When asked how she got a homeless mother in New York City to share her story in the film “Lucky,” journalist Laura Checkoway said writing celebrity profiles for publications and in-depth pieces helped her develop a knack for getting people to open up; that, and a lot of patience. Checkoway was on assignment when she found the subject of her 2015 documentary.
Some have argued filmmakers can’t be journalists, including Washington Post film critic Ann Hornaday who wrote a story headlined “Documentaries aren’t journalism, and there’s nothing wrong with that.”
Others say any story told truthfully and independently of a source’s wishes is journalism.
As journalists continue to find new mediums and tools to share stories, the movies remain a stunning, thought-provoking way to chronicle curiosities. Journalists and filmmakers alike have found the visual platform a powerful venue for profiling people or investigating diverse topics.
Below are a few issues investigative films streaming now:
Knock Down The House (2019): The film chronicles the campaigns of four women from working class, non-traditional backgrounds who ran for Congress, including Bronx-born Alexandria Ocasio-Cortez, the only candidate profiled who won. The other candidates — Amy Vilela of Nevada; Cori Bush of Missouri; and Paula Jean Swearengin of West Virginia — share a focus on relating to their constituents through their ideology and upbringing. In that respect, the film not only identifies a burgeoning interest in female politicians but also an interest in an increasingly popular political message about being from stepping away from the establishment. Streaming on Netflix
Panic: The Untold Story of the 2008 Financial Crisis (2018): Investigative reporters are always interested in bringing their audience into back rooms, where the power players make decisions that influence the course of history. This film by Vice is no different in that, for the first time ever, former Presidents George W. Bush and Barack Obama, as well as politicians, including Nancy Pelosi and Rahm Emanuel, and others from former Secretary of the Treasury Henry Paulson to Federal Reserve chair Ben Bernanke, talk about the most significant taxpayer-funded bailout in recent history. Streaming on YouTube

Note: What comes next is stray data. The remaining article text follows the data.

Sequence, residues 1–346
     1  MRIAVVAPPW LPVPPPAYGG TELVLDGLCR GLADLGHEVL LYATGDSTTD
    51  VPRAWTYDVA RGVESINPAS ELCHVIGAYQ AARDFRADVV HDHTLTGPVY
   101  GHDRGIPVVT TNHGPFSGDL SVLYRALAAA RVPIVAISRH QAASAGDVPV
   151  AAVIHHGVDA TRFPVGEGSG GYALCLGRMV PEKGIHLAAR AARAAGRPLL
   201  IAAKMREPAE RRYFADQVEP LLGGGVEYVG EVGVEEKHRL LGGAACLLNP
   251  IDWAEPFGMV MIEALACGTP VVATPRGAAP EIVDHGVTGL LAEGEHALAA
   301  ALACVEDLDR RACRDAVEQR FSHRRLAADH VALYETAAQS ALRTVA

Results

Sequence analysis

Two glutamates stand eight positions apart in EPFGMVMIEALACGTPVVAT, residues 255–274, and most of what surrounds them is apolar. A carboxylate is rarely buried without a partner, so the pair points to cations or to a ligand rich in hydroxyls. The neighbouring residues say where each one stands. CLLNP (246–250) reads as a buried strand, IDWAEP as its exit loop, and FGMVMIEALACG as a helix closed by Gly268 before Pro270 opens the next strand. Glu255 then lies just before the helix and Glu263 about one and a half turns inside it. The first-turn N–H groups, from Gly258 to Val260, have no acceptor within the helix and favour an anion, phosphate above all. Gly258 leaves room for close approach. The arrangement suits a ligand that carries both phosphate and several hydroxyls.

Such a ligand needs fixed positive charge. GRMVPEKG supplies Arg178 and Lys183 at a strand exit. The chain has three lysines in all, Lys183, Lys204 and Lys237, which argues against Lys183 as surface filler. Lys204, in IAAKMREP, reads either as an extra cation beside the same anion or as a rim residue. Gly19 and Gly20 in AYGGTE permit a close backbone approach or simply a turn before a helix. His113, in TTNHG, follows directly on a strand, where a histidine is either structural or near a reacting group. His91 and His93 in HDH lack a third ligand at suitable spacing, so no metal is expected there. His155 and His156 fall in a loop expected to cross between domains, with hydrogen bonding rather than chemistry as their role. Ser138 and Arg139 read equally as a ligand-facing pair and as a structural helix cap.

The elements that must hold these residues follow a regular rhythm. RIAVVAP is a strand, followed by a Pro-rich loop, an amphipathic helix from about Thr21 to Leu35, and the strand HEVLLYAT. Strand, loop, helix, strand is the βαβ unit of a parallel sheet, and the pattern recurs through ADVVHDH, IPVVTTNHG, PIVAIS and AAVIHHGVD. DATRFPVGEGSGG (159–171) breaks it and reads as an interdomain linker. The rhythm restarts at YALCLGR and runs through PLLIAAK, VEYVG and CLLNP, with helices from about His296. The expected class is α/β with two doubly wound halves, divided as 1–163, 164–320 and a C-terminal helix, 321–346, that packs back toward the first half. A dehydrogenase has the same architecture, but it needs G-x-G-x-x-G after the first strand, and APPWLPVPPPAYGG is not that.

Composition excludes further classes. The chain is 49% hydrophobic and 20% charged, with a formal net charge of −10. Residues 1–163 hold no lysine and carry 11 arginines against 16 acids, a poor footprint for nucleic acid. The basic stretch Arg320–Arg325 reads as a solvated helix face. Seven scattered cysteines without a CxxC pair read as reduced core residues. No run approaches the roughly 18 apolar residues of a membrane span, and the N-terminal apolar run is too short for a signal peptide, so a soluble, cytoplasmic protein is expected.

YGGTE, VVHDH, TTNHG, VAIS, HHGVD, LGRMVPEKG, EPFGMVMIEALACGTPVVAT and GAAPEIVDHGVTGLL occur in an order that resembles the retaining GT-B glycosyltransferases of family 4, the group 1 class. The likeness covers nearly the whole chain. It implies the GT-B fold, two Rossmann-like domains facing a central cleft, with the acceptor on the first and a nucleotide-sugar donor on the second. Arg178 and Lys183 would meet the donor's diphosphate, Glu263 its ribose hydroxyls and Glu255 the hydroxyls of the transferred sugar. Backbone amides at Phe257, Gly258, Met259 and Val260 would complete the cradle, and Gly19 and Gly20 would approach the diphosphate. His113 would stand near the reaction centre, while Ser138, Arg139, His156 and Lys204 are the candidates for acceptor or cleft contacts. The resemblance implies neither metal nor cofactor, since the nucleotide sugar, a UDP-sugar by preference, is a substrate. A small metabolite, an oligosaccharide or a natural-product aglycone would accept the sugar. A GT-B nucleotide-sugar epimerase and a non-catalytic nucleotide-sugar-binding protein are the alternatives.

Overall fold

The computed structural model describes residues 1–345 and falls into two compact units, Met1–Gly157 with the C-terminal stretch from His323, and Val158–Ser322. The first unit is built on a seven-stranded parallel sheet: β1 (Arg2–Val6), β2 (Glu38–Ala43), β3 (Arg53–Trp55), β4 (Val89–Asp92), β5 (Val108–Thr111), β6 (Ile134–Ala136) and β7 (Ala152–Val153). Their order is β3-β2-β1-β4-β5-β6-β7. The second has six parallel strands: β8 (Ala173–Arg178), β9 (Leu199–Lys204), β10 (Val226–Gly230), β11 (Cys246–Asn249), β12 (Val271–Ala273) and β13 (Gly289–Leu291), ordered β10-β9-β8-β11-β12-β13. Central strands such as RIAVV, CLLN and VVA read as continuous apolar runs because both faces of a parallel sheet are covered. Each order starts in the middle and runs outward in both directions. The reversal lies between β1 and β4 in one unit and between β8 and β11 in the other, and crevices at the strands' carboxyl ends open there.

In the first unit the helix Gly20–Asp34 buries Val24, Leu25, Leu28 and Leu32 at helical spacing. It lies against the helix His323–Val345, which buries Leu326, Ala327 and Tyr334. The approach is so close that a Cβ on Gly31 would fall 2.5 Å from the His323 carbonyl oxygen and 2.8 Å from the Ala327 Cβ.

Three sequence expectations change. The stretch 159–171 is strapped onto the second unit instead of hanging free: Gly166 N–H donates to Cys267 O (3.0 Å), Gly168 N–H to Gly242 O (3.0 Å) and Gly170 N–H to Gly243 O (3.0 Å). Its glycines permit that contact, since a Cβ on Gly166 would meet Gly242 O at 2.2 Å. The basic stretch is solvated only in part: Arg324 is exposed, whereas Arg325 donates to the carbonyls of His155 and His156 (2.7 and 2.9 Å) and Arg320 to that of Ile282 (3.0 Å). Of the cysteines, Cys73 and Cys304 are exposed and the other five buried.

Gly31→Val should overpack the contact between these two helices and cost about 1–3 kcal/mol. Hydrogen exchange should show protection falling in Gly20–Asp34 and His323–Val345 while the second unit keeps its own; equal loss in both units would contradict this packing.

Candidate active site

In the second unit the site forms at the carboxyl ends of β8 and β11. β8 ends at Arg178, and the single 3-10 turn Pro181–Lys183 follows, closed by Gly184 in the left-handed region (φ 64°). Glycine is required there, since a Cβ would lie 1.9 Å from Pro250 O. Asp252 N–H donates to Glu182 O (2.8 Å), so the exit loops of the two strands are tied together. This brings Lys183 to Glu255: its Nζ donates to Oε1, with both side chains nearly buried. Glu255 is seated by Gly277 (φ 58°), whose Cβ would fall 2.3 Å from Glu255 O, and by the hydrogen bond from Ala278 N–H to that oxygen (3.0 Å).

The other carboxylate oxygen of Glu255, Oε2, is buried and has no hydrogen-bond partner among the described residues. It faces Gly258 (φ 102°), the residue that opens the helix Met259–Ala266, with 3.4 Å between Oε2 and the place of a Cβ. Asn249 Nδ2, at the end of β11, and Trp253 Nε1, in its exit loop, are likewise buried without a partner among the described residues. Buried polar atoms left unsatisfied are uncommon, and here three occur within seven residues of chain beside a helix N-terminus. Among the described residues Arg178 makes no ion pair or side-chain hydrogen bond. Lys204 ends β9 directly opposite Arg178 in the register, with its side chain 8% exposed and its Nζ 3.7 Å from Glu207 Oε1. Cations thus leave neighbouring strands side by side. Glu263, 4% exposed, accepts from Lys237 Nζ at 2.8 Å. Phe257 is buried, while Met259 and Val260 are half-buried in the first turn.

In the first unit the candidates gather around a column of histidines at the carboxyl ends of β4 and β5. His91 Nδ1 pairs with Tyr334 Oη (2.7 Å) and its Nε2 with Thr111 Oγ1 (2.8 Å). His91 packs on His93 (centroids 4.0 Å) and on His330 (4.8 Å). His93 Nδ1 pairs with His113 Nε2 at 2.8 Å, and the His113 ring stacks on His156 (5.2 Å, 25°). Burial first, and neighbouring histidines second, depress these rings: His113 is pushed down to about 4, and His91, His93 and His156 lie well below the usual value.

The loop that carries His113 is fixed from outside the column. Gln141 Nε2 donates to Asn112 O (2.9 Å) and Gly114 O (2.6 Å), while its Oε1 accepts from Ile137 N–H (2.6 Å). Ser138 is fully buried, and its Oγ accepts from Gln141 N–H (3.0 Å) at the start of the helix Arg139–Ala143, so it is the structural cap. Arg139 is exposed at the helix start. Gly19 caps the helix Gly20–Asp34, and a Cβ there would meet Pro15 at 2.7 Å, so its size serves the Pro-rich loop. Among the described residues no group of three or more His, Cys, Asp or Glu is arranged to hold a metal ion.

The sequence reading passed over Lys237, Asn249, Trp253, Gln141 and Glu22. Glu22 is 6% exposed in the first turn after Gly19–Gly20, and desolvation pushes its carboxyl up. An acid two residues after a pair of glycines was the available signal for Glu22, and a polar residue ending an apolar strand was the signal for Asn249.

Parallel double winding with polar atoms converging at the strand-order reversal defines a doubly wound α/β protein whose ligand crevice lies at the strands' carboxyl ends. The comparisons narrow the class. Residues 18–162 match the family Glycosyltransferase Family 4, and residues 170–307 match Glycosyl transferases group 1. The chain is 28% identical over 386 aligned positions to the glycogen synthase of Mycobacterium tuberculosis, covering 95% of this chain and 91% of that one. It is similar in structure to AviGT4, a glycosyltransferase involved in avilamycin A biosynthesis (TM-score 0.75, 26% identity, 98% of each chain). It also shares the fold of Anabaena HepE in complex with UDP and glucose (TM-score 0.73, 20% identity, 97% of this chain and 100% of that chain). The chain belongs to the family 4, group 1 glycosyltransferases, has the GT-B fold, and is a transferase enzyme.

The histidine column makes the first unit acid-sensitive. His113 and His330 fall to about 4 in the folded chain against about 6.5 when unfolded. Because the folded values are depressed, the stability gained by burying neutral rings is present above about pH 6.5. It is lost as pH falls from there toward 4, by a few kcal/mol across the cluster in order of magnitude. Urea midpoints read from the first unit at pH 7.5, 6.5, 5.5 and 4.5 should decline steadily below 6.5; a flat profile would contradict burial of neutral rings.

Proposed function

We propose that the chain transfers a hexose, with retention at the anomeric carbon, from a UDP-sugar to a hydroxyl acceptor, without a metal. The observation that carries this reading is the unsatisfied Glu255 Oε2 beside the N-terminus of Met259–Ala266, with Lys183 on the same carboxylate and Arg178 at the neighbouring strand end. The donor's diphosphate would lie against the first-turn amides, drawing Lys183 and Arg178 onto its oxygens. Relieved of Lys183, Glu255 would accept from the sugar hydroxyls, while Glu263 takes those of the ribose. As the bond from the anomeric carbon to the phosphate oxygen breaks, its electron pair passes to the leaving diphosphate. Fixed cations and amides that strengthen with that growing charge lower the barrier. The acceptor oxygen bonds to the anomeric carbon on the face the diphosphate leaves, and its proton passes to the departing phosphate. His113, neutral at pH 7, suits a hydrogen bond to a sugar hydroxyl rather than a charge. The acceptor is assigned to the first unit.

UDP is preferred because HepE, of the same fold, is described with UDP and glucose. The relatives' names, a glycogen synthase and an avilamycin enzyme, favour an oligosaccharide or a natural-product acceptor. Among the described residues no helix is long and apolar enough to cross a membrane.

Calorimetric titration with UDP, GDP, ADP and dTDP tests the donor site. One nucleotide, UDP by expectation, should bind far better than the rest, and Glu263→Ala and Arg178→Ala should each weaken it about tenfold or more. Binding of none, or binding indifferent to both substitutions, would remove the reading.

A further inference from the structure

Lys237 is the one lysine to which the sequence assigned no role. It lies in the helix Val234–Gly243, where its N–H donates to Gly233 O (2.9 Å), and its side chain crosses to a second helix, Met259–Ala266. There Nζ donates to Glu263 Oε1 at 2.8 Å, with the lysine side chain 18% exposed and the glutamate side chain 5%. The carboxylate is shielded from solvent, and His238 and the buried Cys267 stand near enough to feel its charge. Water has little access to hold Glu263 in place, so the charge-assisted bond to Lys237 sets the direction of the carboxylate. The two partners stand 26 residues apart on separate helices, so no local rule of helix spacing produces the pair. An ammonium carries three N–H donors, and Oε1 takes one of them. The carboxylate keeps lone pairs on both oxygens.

The Truth About Killer Robots (2018): Artificial intelligence has already influenced factory productivity, transportation and even the devices we keep in our pockets most of the day. This film explores how pervasive the technology is and dangers it could generate. In some ways the film is an attempt to clarify misconceptions, but it also reinforces fears some users may have only had nightmares about. Streaming on HBO
The Bleeding Edge (2018) Filmmakers discover and discuss how medical interventions have become the third leading cause of death, interviewing patients and doctors who witness how devices could cause major maladies, and sometimes even death, after surgery. “Holy crap,” exclaims one nurse in the film as a patient reveals the complicated and dangerous condition a device, which was supposed to help, had caused. The documentary also details the large profit margins that come from creating these devices, which are often overpriced. Streaming on Netflix
At The Heart Of Gold (2019): While Larry Nassar’s abuses are not unknown, the testimonials from the athletes at the center of the story bring a personal light to the narrative that has gripped the nation. The documentary also highlights a system that had given a higher priority to gold medals and accolades than to the health and safety of the young gymnasts. Streaming on HBO
State of Pride (2019): From Stonewall to the present, “State of Pride” relates the history of the LGBTQ community among three young people celebrating pride across the country from Tuscaloosa to San Francisco to Salt Lake City. While it is not the only film to come out during Pride Month, this movie encapsulates the newsworthiness of the subject and how current the message is to those interviewed and the audience. Streaming on YouTube
IRW is proud to be a partner in the fifth edition of Double Exposure Oct. 10-13 in Washington, D.C. Double Exposure encompasses a cutting-edge film program and a professional symposium that brings together journalists and filmmakers and the industry that supports them (funders, producers, media platforms, exhibitors, etc.) to explore key issues, exchange resources and advance new projects through a thoughtfully curated series of panels, workshops, screenings, networking sessions, pitch opportunities and more.
The festival showcases the best investigative reporting and visual storytelling while exploring industry trends and challenges. Passes are now available at dxfest.com.
Investigative Reporting Workshop special:
Get 15% off on film passes with code IRWDX19.